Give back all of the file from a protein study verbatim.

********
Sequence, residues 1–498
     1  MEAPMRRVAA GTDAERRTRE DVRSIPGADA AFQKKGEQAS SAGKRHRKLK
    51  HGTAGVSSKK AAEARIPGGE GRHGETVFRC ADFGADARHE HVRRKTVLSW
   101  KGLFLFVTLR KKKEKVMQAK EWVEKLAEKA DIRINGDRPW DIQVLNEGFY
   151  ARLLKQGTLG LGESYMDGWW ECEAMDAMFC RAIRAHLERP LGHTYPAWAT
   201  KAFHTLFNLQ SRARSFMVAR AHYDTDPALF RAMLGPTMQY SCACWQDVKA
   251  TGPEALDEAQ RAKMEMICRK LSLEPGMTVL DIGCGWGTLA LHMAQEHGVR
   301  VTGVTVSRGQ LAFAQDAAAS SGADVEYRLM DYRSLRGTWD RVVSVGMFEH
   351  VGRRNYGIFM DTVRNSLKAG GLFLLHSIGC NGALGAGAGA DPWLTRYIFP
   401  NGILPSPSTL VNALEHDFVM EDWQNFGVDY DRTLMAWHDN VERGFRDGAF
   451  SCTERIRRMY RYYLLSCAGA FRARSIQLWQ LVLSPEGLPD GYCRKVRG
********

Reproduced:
Sequence, residues 1–498
     1  MEAPMRRVAA GTDAERRTRE DVRSIPGADA AFQKKGEQAS SAGKRHRKLK
    51  HGTAGVSSKK AAEARIPGGE GRHGETVFRC ADFGADARHE HVRRKTVLSW
   101  KGLFLFVTLR KKKEKVMQAK EWVEKLAEKA DIRINGDRPW DIQVLNEGFY
   151  ARLLKQGTLG LGESYMDGWW ECEAMDAMFC RAIRAHLERP LGHTYPAWAT
   201  KAFHTLFNLQ SRARSFMVAR AHYDTDPALF RAMLGPTMQY SCACWQDVKA
   251  TGPEALDEAQ RAKMEMICRK LSLEPGMTVL DIGCGWGTLA LHMAQEHGVR
   301  VTGVTVSRGQ LAFAQDAAAS SGADVEYRLM DYRSLRGTWD RVVSVGMFEH
   351  VGRRNYGIFM DTVRNSLKAG GLFLLHSIGC NGALGAGAGA DPWLTRYIFP
   401  NGILPSPSTL VNALEHDFVM EDWQNFGVDY DRTLMAWHDN VERGFRDGAF
   451  SCTERIRRMY RYYLLSCAGA FRARSIQLWQ LVLSPEGLPD GYCRKVRG